Milk pricing in California could see a major change if a bill introduced last week in the U.S. House of Representatives garners support from other legislators and gains traction among dairy producers.
The California Federal Milk Marketing Order Act would allow California dairy producers to petition the U.S. Secretary of Agriculture to be considered to join the Federal Milk Marketing Order system. The petition would need to be approved by a two-thirds majority of California producers to move forward.
Representative David Valadao (R-CA), a freshman House member and dairy producer from California's Central Valley, introduced the bill along with five co-sponsors: Representatives Jim Costa (D-CA), Jeff Denham (R-CA), Doug LaMalfa (R-CA), Kevin McCarthy (R-CA) and Devin Nunes (R-CA).
Although California is the top milk-producing state in the country, its prices are set using different formulas than those areas operating under federal marketing orders. Currently, state milk prices are set by the California Department of Food and Agriculture.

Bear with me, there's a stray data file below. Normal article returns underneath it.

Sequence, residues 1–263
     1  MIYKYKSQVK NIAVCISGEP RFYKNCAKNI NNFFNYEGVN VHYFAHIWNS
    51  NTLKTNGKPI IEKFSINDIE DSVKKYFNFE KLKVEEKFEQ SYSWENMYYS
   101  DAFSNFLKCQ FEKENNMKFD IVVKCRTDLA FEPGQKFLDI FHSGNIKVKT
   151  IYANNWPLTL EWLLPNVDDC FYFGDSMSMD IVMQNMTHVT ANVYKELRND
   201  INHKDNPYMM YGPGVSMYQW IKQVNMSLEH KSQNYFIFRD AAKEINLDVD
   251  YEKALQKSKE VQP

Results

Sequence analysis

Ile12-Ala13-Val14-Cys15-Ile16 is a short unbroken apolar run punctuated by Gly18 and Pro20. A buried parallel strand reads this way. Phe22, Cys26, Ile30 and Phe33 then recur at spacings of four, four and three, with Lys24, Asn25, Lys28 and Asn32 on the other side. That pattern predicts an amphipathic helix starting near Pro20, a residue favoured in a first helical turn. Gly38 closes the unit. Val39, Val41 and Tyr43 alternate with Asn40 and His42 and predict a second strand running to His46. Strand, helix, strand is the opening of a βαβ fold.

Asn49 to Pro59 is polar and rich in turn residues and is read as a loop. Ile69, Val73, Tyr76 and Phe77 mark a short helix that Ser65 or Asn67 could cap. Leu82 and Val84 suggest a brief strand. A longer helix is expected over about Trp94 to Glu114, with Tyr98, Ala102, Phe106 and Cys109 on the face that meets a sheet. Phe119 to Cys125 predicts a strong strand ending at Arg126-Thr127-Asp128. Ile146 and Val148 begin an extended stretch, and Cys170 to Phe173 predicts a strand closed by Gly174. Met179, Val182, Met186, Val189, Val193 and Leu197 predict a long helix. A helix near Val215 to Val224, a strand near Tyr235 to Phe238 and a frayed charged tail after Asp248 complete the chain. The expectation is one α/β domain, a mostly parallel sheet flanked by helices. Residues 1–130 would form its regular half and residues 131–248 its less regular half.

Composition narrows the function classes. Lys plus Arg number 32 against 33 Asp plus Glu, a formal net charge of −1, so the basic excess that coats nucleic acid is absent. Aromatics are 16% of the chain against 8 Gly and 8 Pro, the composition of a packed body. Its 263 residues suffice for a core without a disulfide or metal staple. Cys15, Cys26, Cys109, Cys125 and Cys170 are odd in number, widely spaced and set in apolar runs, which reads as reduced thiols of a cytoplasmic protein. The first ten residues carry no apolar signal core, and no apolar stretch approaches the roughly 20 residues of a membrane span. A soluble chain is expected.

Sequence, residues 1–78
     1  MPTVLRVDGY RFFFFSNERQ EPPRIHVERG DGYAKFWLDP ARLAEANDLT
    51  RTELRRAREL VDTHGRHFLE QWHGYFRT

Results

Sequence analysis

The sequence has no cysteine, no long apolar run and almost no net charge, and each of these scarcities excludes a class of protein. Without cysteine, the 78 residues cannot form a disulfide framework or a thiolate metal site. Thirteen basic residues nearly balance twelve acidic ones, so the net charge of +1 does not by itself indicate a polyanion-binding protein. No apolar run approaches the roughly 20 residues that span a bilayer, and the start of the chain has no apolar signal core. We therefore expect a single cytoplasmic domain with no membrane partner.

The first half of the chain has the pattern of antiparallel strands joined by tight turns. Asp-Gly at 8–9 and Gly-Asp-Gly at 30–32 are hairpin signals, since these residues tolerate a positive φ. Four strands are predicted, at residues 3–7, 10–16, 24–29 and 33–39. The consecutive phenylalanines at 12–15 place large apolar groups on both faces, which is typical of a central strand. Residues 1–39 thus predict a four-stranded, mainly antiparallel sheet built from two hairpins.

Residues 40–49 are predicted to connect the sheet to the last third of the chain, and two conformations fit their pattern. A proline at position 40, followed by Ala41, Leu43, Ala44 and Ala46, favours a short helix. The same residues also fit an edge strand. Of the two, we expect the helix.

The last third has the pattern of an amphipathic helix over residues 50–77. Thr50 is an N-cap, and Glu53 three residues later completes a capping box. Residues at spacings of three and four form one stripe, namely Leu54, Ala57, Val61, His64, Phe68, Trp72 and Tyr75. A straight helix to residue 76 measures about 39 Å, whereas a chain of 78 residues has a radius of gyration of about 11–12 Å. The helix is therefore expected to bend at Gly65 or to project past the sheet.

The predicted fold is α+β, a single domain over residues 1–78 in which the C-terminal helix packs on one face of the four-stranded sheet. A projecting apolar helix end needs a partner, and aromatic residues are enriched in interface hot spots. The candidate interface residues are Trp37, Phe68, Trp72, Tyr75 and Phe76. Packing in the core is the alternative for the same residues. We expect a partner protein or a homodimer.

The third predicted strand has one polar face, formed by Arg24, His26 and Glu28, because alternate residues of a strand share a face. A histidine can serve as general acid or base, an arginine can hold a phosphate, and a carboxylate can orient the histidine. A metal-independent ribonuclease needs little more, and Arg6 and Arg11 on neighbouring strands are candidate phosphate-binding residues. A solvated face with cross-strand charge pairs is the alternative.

The bill would designate the state of California as a separate order under the federal system. It would allow the California order the “right to reblend and distribute order receipts to recognize quota value,” permitting the state order to retain California’s quota system, which grants producers who own “quota” to receive a higher value for a specified portion of their milk.
The bill is derived from similar language that was passed as part of the 1996 Farm Bill but was never utilized.
For more information, contact Jerry Slominski, IDFA senior group vice president of legislative affairs and economic policy, at email@example.com.